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May Cervical Length Predict Miscarriage Associated With Invasive Procedures for Prenatal Diagnosis?

Research on Women’s Health. 2018;1(1):3
DOI: 10.24983/scitemed.rwh.2018.00083
Article Type: Original Article

Abstract

Objectives: Prenatal invasive tests are being used for the diagnosis of fetal aneuploidies. Fetal loss is the major complication of invasive procedures with varying proportions. In this study, we aimed to determine the predictivity of cervical length (CL) in terms of miscarriage associated with diagnostic prenatal invasive procedures that are performed in two separate centers.
Methods: This is a prospective study of 1168 women with singleton pregnancies who have undergone prenatal invasive procedures for fetal karyotyping from January 2012 to May 2018, in the maternal-fetal medicine units of two separate centers. Out of 1168 subjects, 1052 singleton pregnant women who had undergone prenatal invasive procedures were included in the study and 116 women who had voluntary induced abortion after the procedures due to major fetal abnormalities were excluded. Transvaginal cervical lengths were provided to all the patients, right after the procedures. Miscarriage occurred within two weeks after the procedure was evaluated as a complication of the procedure. The demographic data of the patients with ongoing pregnancies and miscarriage rates were compared with patients with all other variables.
Results: Amniocentesis was performed on 883 patients (83.9%) after 16 weeks of gestation. Chorionic villus sampling (CVS) was carried out transabdominally on 93 patients (8.84%) between 11-14 weeks and cordocentesis was performed on 76 patients (7.2%) due to advanced gestational ages. Two miscarriages occurred within two weeks after the procedures. One of them was at the 13th week of pregnancy that had undergone CVS and the other one was at the 18th week that had undergone amniocentesis. Procedure-related miscarriage rate was calculated as 0.19%. Mean CL was 29 mm in the miscarriage group and 32.7 ± 4.7 mm in the ongoing pregnancy group.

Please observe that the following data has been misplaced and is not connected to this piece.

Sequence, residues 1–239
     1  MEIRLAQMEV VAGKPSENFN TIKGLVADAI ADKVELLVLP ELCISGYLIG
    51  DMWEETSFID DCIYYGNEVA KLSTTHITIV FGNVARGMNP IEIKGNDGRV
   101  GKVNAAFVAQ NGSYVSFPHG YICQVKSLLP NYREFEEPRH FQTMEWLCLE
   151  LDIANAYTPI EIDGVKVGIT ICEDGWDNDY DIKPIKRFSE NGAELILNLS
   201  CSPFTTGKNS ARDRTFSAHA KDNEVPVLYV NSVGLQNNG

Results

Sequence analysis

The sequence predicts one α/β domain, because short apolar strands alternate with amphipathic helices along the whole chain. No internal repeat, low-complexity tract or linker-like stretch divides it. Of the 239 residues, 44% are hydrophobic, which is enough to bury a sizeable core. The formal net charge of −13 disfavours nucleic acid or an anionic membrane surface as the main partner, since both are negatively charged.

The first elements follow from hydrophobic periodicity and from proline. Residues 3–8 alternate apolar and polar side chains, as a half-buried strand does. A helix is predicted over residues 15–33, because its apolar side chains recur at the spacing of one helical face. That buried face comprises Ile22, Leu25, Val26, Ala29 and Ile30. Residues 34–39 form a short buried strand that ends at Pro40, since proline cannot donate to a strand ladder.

Conclusion: Cervical length may not be a good prognostic marker for miscarriage associated with diagnostic prenatal invasive procedures.

Keywords

  • Cervical length; prenatal invasive test; transvaginal ultrasound

Introduction

Appropriate fetal cells for karyotype analysis during pregnancy can be obtained from amniotic fluid by amniocentesis after 16 weeks of gestation, or from the placental tissue by chorionic villus sampling (CVS) in the first trimester, as well as from the fetal blood by cordocentesis at the advanced gestational ages. The most crucial complication of these prenatal invasive procedures is the procedure-related miscarriage. The distinct rate of pregnancy loss associated with amniocentesis is uncertain, but the American College of Obstetricians and Gynecologists (ACOG) Practice Bulletin reported 1/300-500 risks of miscarriage associated with amniocentesis after the 15th week of pregnancy [1]. In a systematic review, similar miscarriage rates within 14 days of transabdominal CVS and amniocentesis are reported as 0.7 and 0.6 percent, respectively [2]. Cordocentesis carries approximately 1.4 to 1.9% risk of miscarriage rate [3,4].

Several risk factors have been proposed for procedure-associated miscarriage such as operator experience, gestational age, sampling route, and the number of tapping; but the cause of procedure-related miscarriage remains unknown [5,6]. A short cervix, conventionally defined as shorter than 25 mm, obtained by transvaginal route in the mid-trimester of pregnancy, is a powerful risk factor for spontaneous preterm delivery. CL has been proved as an effective predictor of spontaneous preterm birth for singleton gestations [7,8]. Additionally, there is evidence that the measurement of the cervix at the 11-14 weeks scan can help to establish the risk of preterm birth [9,10]. Based on this data, it leads to the idea whether CL may predispose procedure-related miscarriage just as it predicts preterm birth.